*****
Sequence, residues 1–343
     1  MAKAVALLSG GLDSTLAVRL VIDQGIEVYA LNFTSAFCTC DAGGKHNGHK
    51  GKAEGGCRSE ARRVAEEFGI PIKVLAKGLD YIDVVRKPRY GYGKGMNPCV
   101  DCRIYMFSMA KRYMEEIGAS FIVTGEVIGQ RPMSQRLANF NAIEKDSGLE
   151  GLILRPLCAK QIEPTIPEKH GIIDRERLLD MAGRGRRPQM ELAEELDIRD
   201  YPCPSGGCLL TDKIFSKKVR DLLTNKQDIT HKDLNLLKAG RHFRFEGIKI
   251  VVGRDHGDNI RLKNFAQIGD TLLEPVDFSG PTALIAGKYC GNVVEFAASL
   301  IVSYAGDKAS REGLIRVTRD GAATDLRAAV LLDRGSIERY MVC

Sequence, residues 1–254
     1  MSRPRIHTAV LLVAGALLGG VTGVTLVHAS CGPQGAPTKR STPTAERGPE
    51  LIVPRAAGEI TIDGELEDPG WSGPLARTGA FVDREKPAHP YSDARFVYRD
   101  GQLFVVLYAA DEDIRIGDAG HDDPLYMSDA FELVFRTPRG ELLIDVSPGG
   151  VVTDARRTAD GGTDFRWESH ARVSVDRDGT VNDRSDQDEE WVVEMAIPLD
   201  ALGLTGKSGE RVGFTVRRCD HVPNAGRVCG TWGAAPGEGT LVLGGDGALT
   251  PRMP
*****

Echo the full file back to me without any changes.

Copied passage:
Sequence, residues 1–343
     1  MAKAVALLSG GLDSTLAVRL VIDQGIEVYA LNFTSAFCTC DAGGKHNGHK
    51  GKAEGGCRSE ARRVAEEFGI PIKVLAKGLD YIDVVRKPRY GYGKGMNPCV
   101  DCRIYMFSMA KRYMEEIGAS FIVTGEVIGQ RPMSQRLANF NAIEKDSGLE
   151  GLILRPLCAK QIEPTIPEKH GIIDRERLLD MAGRGRRPQM ELAEELDIRD
   201  YPCPSGGCLL TDKIFSKKVR DLLTNKQDIT HKDLNLLKAG RHFRFEGIKI
   251  VVGRDHGDNI RLKNFAQIGD TLLEPVDFSG PTALIAGKYC GNVVEFAASL
   301  IVSYAGDKAS REGLIRVTRD GAATDLRAAV LLDRGSIERY MVC

Sequence, residues 1–254
     1  MSRPRIHTAV LLVAGALLGG VTGVTLVHAS CGPQGAPTKR STPTAERGPE
    51  LIVPRAAGEI TIDGELEDPG WSGPLARTGA FVDREKPAHP YSDARFVYRD
   101  GQLFVVLYAA DEDIRIGDAG HDDPLYMSDA FELVFRTPRG ELLIDVSPGG
   151  VVTDARRTAD GGTDFRWESH ARVSVDRDGT VNDRSDQDEE WVVEMAIPLD
   201  ALGLTGKSGE RVGFTVRRCD HVPNAGRVCG TWGAAPGEGT LVLGGDGALT
   251  PRMP